The Walter White of Hot has opened up a store on Fort Crook Road.
“I have a customer who comes in and says, ‘Can you make another 50 pounds, please, Mr. White,’” laughs Tim Bader, owner, operator and chief cook at Volcanic Peppers, Bellevue’s newest specialty store.
The reference to the “Breaking Bad” television drama, in which chemistry teacher Walter White “cooks” a highly popular form of methamphetamine, brings a chuckle from the burly Bader.
“I love that show,” he said.
His own show is not bad, either.
His storefront door jingled constantly Thursday, even though he has not yet staged his formal grand opening.
Clearly, there is healthy interest in Bellevue for sauces and salsas full of ghost, douglah and scorpion peppers, whose rich colors warn of the fierce heat burning within.
Bader has mild sauces and salsas for rational human beings, but the customers streaming in Thursday weren’t interested in rational. They wanted hot. They wanted it for chicken, hamburgers, pork, salsa, soups and even for sprinkling on otherwise boring white rice.
And Bader was happy to offer samples on little plastic spoons that somehow did not melt under their contents.
Bader, 42, has been cooking batches of heat for six years, growing thousands of wrinkly, sinister-looking red and green peppers in the backyard of his west Omaha home and transforming them into bottles of sauces and canisters of powder in a small industrial kitchen at the rear of his store.
His love of spices began as a teenager.
“I’d ask for something hot, but I could never get anything that would make me sweat,” he said.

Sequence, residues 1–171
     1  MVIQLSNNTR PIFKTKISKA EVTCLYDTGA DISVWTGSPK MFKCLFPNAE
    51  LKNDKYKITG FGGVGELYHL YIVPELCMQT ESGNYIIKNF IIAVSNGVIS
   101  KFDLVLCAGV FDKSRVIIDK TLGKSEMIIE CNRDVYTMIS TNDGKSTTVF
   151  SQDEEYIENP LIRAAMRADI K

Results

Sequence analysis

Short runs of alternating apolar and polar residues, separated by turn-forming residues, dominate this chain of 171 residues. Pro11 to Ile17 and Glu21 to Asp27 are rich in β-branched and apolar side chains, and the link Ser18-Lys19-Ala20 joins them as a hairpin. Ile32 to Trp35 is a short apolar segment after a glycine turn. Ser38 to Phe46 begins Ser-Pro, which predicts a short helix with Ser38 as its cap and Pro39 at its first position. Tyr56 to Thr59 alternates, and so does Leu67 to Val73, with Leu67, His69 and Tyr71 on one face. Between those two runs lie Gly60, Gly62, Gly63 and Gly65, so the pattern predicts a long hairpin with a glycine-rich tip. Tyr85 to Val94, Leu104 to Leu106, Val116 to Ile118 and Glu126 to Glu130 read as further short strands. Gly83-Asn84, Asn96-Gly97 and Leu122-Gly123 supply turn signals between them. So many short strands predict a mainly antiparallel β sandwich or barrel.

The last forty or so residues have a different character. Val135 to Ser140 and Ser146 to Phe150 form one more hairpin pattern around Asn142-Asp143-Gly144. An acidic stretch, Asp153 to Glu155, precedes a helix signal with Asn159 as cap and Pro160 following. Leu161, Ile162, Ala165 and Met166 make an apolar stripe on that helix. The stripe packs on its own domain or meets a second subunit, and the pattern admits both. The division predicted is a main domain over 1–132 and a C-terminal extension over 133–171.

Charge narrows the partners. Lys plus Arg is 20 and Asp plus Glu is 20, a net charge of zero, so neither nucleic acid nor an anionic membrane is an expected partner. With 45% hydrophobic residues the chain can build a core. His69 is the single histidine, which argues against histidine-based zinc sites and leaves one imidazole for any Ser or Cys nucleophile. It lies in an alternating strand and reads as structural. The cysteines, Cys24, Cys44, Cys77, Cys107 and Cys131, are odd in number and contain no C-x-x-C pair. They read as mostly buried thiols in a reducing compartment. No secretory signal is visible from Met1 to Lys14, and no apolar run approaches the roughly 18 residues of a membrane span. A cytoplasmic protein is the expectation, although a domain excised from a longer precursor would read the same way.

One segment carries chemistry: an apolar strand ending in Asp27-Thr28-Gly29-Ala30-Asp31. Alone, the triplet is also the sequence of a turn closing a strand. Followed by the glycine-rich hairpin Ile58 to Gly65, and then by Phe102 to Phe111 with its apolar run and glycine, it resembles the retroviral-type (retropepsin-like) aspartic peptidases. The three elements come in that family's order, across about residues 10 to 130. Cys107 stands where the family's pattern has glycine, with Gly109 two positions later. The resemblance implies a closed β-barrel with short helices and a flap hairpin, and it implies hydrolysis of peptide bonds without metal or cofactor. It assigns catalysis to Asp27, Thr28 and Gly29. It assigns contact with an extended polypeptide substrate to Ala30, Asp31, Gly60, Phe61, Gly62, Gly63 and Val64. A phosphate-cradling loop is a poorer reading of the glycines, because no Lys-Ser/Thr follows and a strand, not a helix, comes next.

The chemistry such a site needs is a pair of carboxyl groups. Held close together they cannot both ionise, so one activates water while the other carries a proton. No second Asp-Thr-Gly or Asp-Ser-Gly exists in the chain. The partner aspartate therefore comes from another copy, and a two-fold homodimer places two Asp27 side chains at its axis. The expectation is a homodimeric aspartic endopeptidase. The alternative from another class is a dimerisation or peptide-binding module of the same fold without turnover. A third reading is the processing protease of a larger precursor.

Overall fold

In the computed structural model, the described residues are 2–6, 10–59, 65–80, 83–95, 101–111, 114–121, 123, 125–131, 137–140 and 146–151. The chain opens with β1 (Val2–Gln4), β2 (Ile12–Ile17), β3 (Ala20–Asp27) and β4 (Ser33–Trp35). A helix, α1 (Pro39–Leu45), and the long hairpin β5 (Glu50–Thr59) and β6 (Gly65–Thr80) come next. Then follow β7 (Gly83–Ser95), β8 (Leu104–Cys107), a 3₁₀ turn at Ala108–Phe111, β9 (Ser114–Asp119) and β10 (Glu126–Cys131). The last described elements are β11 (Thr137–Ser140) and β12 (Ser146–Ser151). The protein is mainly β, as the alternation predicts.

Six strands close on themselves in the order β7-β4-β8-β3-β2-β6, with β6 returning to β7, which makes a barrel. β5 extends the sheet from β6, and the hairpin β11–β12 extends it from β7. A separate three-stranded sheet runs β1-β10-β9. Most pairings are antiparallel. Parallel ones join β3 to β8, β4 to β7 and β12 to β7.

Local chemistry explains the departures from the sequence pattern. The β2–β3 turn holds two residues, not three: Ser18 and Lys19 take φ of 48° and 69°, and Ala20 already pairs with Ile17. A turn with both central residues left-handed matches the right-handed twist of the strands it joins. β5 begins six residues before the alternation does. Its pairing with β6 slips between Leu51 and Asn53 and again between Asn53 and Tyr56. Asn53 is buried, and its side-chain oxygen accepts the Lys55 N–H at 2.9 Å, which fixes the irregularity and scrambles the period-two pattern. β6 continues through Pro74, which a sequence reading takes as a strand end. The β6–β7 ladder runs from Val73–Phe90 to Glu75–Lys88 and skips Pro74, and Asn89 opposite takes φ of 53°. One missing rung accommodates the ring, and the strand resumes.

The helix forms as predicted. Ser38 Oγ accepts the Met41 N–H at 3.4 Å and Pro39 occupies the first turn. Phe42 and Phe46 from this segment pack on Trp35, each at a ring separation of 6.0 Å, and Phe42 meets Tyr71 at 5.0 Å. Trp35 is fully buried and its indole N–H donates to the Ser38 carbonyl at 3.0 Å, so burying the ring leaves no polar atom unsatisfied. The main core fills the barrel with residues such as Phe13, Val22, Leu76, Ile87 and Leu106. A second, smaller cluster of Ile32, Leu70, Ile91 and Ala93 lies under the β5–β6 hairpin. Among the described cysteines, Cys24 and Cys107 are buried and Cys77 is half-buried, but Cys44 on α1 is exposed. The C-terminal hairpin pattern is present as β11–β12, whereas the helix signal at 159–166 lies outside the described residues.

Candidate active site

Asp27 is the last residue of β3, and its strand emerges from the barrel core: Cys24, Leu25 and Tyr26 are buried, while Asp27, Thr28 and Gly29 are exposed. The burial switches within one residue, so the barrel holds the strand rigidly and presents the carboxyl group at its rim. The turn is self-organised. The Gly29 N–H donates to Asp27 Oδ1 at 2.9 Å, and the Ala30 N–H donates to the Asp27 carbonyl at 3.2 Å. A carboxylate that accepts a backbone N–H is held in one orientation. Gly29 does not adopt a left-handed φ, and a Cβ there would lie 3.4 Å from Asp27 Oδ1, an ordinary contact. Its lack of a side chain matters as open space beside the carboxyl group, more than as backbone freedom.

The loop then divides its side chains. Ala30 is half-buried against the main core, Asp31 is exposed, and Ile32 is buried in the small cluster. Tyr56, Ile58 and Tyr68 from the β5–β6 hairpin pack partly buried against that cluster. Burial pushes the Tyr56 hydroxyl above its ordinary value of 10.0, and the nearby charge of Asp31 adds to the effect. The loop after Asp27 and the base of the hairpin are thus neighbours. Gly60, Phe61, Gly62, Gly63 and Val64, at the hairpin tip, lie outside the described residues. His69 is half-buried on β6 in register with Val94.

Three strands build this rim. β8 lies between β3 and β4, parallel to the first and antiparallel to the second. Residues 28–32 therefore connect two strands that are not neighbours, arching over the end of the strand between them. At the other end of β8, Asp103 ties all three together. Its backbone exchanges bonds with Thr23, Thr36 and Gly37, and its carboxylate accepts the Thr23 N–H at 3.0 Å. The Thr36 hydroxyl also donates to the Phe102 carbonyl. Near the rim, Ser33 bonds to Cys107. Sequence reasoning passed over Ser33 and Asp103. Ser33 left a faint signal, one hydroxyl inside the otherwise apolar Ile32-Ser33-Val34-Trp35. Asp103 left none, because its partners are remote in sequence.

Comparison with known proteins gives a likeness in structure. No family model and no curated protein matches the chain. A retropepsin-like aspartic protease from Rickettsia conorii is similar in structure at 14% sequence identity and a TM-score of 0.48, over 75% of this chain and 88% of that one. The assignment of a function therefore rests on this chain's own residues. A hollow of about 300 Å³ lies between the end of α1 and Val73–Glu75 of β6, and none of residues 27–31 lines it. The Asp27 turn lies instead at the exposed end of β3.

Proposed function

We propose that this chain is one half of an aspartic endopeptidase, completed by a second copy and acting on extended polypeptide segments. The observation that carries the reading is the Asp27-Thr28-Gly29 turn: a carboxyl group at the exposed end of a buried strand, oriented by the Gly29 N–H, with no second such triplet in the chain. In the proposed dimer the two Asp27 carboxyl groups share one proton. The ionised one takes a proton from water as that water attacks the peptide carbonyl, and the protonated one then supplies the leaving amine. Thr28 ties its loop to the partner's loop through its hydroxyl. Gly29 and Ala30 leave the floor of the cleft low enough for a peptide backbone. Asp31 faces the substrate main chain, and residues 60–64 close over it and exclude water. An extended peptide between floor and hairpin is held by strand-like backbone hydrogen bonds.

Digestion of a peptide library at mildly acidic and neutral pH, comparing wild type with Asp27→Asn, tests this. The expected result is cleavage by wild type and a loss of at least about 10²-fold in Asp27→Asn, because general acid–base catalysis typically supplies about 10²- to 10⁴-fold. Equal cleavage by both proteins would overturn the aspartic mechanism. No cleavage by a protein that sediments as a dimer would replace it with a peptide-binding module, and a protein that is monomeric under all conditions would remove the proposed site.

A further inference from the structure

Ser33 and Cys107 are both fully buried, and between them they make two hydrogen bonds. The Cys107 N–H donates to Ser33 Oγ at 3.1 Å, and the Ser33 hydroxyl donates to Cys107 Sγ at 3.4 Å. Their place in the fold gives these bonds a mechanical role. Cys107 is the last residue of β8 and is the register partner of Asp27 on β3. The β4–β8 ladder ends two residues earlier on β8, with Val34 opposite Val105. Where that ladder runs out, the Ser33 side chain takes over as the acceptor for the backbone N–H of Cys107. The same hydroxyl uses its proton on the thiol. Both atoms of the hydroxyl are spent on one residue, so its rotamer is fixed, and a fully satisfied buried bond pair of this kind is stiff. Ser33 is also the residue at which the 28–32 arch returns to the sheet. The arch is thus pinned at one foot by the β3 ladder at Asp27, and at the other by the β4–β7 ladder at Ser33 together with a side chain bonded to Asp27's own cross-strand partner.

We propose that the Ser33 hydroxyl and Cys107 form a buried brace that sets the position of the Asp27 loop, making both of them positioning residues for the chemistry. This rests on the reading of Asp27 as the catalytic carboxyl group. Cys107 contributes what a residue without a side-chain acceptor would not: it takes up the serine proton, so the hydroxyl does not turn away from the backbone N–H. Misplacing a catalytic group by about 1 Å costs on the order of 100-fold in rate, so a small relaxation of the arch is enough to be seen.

“Then I found Thai food, and that was the beginning.”
His business was born when his daughter, Abbi, suggested he sell his homemade products from a table at the bottom of his driveway.
Bader opted instead for a Farmer’s Market spot at Village Point in West Omaha where he developed a loyal and growing clientele, which grew into a storefront in Plattsmouth, which has now become a storefront in Bellevue where Bader, his daughter, his brother and his niece all work to keep the heat on high.
“I just recently moved here,” he said. “There’s more demand for my sauces, so I have to have a lot of room for empty jars and stock. The Plattsmouth place was too small. This place is perfect for me.”
That place is 601 Fort Crook Road N., directly south of the old La Mesa restaurant.
“My biggest local customer base is Omaha,” Bader said, “so it was difficult to expect them to drive all the way to Plattsmouth, but this is a little closer and right off the highway.”
The driving force behind his business right now is the Internet, where Bader’s products may be ordered at volcanicpeppers.com.
But he said walk-in traffic is already lively.
“It’s good,” he said. “Maybe my next step is to have a few tables where I can serve food, or perhaps some take-out.”